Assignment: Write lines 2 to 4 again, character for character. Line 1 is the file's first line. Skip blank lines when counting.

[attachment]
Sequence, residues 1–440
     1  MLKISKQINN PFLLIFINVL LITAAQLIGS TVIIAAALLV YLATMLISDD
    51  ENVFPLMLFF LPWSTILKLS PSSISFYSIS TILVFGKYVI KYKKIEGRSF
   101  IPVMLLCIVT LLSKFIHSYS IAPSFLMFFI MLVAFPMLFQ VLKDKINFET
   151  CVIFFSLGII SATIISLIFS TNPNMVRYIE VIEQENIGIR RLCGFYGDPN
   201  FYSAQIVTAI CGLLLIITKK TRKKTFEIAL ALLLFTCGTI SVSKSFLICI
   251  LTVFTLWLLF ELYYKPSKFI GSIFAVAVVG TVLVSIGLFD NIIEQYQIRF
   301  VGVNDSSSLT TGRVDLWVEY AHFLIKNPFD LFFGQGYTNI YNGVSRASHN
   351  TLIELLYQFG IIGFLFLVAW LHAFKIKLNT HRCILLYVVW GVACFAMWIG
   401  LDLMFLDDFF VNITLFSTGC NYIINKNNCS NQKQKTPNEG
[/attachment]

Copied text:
     1  MLKISKQINN PFLLIFINVL LITAAQLIGS TVIIAAALLV YLATMLISDD
    51  ENVFPLMLFF LPWSTILKLS PSSISFYSIS TILVFGKYVI KYKKIEGRSF
   101  IPVMLLCIVT LLSKFIHSYS IAPSFLMFFI MLVAFPMLFQ VLKDKINFET